Posted by Phil in our new Discussion Room - 20 June 2013

Editor's note: The views portrayed in this article do not represent the views of this website.

hello everyone,

i joined the old paths christadelphians in england in early 1980, and at the time was euphoric at being part of the only "true god community".

but as time went by i began to feel uneasy. i felt there was something missing, something absolutely vital to a christian, but i could not put my finger on what it was.
it was only in later years, a long time after i had left, that i realised not only what was missing, but in fact delphism was also a chalice of poison from which i eagerly used to drink.

so in the end what did i realise? well put simply 1/ no love and 2/ blatant legalsim

the early things i noticed was the lack of outward shows of emotions and affection, in fact they were frowned upon. they said a formal handshake was the sign of fellowship among them, but to me it was the sign of a worldly business man. if you hugged a woman ( sister) you were viewed as letcherous and driven by sex. if you hugged a man ( brother) your sexuality got questioned. 

 i also noticed that simple clean jokes were frowned upon, so was laughter, informal dress, having worldly friends, having a hobby, mixing with anyone from other christian religions, and in fact even saying you are "christian" yourself was condemned.
and woe betide anyone who married "out of the faith"

 and if anyone had a moment of lapse and had sexual contact with someone outside of marriage to another delph, you were hauled over the coals and made to feel filthy before the whole meeting, regardless of how much remorse you showed.

i soon started to rebel, but not knowing what i was rebelling against. i refused to wear a suit to the meeting saying clothes mean nothing to god and that jesus's clothes must have been grubby due to amount of rough sleeping out he must have done.......well that unleashed some wrath against me i can tell you.

 i was told i was showing disrespect to god by not wearing sunday best and that i was offending all the meeting and causing bad feeling at the lords table ( breaking of bread) and that jesus's clothes were always spotlessy white.

i started missing daily readings and attending bible classes. i felt there was nothing to be gained from reading the same bible pages over and over again and that learning what the book of daniel was prophesising beared little profit when it came down to actual works of faith.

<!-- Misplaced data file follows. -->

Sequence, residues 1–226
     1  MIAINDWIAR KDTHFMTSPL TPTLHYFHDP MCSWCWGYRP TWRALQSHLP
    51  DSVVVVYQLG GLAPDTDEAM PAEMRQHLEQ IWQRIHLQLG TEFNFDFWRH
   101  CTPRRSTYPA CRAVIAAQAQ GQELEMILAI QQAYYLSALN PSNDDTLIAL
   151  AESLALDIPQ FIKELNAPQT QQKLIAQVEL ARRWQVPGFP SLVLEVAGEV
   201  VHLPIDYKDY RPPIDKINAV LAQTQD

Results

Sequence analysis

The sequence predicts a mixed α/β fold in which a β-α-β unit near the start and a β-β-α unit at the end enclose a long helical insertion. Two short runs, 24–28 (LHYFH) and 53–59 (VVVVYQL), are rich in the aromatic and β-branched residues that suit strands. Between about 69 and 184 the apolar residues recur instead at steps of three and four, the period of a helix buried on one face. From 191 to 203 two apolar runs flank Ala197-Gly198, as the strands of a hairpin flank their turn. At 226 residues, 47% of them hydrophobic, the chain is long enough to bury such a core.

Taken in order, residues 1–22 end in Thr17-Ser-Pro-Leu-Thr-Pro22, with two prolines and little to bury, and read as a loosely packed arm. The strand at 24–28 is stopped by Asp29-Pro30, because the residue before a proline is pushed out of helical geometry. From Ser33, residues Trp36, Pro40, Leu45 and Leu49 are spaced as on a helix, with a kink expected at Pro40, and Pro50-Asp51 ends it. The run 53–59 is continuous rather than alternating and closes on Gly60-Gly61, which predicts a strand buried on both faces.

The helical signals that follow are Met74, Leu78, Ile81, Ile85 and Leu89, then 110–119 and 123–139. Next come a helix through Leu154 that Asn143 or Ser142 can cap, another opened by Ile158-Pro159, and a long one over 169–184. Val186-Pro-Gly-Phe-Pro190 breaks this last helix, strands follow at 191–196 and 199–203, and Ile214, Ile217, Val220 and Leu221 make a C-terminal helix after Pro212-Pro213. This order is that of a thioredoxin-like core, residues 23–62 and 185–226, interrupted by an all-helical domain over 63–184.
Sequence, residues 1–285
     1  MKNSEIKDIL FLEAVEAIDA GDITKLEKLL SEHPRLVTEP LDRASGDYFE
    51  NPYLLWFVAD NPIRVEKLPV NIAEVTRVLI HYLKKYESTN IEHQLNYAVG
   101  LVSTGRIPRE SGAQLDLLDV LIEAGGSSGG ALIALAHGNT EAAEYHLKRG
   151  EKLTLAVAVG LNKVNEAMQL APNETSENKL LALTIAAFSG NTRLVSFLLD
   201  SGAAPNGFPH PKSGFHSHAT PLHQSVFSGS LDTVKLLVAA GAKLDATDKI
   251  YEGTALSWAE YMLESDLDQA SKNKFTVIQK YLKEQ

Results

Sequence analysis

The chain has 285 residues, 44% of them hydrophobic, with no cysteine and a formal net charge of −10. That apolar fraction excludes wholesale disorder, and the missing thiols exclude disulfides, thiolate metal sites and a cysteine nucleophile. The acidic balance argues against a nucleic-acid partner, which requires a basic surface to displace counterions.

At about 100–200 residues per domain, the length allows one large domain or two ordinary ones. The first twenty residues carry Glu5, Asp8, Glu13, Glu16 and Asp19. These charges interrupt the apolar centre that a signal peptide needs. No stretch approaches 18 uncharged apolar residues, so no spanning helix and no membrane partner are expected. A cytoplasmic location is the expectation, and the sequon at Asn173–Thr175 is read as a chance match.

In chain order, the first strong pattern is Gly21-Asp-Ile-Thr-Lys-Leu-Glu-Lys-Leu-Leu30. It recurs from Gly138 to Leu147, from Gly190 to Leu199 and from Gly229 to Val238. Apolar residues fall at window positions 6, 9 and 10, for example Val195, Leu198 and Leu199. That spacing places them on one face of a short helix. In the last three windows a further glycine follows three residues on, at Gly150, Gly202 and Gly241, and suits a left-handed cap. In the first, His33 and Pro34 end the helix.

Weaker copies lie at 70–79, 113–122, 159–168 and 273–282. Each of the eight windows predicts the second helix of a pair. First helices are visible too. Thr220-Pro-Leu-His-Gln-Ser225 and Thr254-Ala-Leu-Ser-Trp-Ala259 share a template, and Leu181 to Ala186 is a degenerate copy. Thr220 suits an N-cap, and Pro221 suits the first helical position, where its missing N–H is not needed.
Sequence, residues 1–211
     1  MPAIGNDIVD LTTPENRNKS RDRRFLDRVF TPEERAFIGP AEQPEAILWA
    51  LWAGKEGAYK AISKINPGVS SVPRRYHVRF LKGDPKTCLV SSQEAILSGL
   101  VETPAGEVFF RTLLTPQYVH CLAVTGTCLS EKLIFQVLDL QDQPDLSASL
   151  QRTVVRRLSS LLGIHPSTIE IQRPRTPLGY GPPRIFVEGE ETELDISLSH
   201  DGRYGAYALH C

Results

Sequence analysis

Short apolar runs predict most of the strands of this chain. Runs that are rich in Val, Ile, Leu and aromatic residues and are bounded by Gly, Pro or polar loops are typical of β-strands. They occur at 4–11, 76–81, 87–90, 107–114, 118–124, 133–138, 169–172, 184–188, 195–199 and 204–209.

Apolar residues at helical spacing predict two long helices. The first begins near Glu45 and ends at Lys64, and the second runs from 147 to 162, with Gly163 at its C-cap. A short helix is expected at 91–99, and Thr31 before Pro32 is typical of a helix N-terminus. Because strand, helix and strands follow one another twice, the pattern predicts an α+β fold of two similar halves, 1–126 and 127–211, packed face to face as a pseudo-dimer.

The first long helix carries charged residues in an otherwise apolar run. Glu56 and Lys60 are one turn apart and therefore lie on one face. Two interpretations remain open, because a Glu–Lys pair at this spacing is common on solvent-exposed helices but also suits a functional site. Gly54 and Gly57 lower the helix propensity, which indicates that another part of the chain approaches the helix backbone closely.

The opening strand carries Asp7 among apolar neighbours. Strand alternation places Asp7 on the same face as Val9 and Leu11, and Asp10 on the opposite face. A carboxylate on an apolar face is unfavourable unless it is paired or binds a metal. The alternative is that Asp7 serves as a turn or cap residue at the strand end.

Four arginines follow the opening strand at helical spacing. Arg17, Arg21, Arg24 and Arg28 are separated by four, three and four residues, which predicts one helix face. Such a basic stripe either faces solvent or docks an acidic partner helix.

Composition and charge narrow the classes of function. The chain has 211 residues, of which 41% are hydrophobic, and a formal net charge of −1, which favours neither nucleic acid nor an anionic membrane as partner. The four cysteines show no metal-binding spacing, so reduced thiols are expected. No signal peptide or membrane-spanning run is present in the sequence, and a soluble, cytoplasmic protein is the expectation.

my best and most trusted and beloved friend was a non believer, and i was told i should no longer see him.
and that i was to give up writing and recording music with him as it was "of the world"
this i was simply not willing to do no matter how much guilt they laid on me

in the end i was totally ostresised ( i might have spelt that wrong, sorry)

i left in 1989 a broken man and walked away from not only delphism but god too and went my way in the world

i really went downhill, sleeping with as many women as i could meet, not bothering about my old values of mercy and compassion. doing just what the hell i wanted.
this went on for 13 years.

finally i got the internet and joined msn messenger. and by some chance i friended a woman who had been disfellowshipped by the delphs for complaining about being raped by her delph husband.

what these conversations started in me was a realisation of what i could not put my finger on between 1980-89.

lack of emotional love and blatant legalism.

in the years following 2002 until today, i now friend anyone who is christian.
i have slowly come to realise that legalism is the cancer of mankind and all organised religions are legalism.
the truth which christ preached was not doctrines, but love, mercy, charity, benevolence, forgiveness and patience.

 matthew 25 vrs 31 to 45 clearly show what criteria jesus will apply at judgement to decide who lives and who dies, and none of his criteria are doctrinal issues or matters of rituals or religion.

i could write a 1,000 page thesis on the subject but i wont bore anyone here.
but i will write something i found out that might come as a shock to many.
the last supper, breaking of bread and drinking wine in memory of jesus, was never a religious thing.

 jesus chose a close family and very informal occasion to introduce it.

 the term "breaking of bread" we read about in the acts does not mean what we think it does. 

 it does not mean "hold a formal religious service" but actually was a term used in those days to mean "to share an informal meal" regardless of what type of food was eaten.

 so when we read "they went about from house to house breaking bread" it actually means they frequently went to each others houses to share a meal and enjoy each others company in a relaxed and informal atmosphere.

 eating and drinking in memory of christ was just a quiet moment of an otherwise informal occasion. 

 no suits and sunday dresses, no hymns and long winded prayers, no exhortations and lectures etc.

if i break break now it is part of my meal with my wife. informal and relaxed.
legalism decided that it had to be solemn, serious, formal, and in a certain and set order.

legalism and organised religion are poisonous and murderous.